In 1983, French President François Mitterrand commissioned I.M. Pei to modernize and expand the Louvre, one of the world’s greatest art collections and an inviolable national monument at the very heart of French history and culture; no matter the solution nor how sweeping the intervention, the integrity of the near-sacred 800-year-old palace was not to be compromised. The seemingly impossible project, executed over a decade, involved the reorganization of the long J-shaped museum into a compact “U” around a focal courtyard. In the center is a prominent new main entrance: a 71-foot-high glass pyramid providing equal access to the museum’s three wings. Like the proverbial tip of an iceberg, this simple sculptural element is the only visible part of a huge underground expansion building; neither is there any hint of the major changes made on the interior of the Louvre palace. The completed project not only equipped the historic building to function as a modern museum, but also helped integrate the half-mile-long building – previously a barrier, now a bridge – within the newly revitalized center of Paris.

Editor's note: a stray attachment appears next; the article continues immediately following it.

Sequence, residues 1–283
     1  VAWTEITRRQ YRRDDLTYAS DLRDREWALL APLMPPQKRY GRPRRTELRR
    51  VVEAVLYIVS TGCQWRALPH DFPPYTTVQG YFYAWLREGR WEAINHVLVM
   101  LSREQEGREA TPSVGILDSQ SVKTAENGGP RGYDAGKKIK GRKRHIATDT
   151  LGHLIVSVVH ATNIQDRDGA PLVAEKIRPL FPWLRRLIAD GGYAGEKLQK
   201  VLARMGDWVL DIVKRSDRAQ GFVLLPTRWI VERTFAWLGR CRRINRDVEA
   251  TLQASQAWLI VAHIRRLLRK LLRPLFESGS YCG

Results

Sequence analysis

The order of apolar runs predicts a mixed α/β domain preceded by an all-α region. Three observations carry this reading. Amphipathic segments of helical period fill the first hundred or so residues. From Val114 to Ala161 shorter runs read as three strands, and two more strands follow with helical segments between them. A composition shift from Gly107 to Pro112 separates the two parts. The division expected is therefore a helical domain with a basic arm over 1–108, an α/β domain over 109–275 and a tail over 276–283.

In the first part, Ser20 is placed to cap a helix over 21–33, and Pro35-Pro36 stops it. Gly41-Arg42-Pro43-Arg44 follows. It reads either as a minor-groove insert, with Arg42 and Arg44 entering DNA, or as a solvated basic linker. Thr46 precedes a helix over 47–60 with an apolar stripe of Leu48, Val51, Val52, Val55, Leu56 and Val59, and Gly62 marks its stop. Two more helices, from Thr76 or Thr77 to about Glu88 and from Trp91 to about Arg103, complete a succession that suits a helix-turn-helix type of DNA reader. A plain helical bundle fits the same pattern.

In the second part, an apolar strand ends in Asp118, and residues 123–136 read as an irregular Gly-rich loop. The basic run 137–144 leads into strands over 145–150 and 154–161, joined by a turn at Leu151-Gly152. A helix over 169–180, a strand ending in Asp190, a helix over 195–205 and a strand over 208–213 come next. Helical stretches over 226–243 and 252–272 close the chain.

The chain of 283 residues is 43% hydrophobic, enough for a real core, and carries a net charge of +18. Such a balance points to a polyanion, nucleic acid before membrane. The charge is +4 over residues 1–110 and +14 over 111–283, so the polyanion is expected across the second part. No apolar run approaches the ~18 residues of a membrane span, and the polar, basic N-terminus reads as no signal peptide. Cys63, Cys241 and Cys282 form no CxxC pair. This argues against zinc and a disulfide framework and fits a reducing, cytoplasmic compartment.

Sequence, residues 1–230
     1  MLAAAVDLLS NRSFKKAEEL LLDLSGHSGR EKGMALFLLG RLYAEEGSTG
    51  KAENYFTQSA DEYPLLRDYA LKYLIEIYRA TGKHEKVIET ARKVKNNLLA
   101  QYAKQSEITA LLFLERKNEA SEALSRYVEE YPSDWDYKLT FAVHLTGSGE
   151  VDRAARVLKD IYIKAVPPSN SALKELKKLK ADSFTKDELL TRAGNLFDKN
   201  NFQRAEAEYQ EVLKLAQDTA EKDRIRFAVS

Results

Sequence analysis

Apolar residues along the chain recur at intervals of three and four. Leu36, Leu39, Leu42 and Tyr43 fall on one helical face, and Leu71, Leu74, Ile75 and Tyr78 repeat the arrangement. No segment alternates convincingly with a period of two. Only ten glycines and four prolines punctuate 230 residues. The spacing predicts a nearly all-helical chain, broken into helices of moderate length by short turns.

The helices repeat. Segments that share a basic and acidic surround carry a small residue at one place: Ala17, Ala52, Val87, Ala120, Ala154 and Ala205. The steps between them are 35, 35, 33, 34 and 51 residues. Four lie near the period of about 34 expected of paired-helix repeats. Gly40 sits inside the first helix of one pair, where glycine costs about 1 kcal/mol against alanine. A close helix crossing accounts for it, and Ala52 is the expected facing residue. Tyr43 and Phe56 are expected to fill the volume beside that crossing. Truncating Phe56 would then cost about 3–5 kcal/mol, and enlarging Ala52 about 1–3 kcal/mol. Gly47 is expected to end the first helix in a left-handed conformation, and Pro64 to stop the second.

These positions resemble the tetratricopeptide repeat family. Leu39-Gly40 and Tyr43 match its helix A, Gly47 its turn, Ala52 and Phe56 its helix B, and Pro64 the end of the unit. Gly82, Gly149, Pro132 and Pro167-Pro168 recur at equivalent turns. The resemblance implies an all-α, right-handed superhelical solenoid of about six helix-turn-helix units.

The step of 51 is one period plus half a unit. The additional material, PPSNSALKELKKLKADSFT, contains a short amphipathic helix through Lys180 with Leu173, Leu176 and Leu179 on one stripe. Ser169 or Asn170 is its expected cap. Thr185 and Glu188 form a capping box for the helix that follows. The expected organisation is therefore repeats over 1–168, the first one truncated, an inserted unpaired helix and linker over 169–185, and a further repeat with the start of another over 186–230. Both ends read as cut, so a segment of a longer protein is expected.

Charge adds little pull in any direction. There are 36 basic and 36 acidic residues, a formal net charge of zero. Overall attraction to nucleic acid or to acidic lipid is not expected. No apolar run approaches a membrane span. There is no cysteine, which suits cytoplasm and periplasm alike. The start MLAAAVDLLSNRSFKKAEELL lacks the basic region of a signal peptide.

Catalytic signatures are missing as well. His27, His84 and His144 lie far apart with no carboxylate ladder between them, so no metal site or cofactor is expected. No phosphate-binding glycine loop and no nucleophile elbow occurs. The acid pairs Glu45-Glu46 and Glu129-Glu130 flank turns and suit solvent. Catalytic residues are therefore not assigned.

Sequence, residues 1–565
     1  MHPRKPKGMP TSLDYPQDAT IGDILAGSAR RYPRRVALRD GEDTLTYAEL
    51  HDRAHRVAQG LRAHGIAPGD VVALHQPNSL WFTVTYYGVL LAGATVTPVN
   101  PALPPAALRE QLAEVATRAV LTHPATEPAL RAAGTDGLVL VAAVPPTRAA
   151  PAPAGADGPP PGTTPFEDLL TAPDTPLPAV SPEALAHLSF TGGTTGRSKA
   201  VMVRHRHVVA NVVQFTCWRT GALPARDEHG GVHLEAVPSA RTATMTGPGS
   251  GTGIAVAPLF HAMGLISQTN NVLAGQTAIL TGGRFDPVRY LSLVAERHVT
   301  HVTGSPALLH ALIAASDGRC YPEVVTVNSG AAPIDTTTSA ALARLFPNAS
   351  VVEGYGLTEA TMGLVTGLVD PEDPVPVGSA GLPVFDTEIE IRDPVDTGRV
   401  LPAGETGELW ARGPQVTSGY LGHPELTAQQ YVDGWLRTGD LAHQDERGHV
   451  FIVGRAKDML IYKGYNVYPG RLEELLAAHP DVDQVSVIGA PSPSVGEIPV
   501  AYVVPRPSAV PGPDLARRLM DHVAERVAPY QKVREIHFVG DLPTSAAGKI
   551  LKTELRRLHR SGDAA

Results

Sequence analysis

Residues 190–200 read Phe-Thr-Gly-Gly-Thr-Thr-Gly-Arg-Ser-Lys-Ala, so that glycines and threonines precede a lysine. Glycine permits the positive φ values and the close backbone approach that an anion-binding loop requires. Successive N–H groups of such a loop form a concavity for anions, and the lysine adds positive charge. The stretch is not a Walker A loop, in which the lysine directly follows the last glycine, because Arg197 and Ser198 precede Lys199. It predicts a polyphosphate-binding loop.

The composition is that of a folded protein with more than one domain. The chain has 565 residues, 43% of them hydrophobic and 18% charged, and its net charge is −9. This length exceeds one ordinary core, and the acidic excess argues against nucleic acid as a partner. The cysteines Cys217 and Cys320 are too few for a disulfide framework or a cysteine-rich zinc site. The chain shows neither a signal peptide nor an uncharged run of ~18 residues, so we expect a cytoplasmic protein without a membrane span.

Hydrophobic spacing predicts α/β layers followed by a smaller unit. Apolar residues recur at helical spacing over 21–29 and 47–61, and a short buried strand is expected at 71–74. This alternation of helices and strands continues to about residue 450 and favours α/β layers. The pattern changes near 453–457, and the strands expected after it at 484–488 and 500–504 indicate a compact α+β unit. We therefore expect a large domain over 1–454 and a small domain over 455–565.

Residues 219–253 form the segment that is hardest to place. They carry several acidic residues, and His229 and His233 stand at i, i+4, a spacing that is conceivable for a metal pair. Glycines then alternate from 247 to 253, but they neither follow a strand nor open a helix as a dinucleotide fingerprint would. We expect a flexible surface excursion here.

The Louvre was the most complex and difficult of all buildings by I.M. Pei, and arguably the greatest. It drew on the cumulative experience of everything he had done before and summoned his full strategic reservoir of design, engineering, and planning, together with his legendary social, cultural, political, and diplomatic skills in a way that vastly expanded the scope of architecture.
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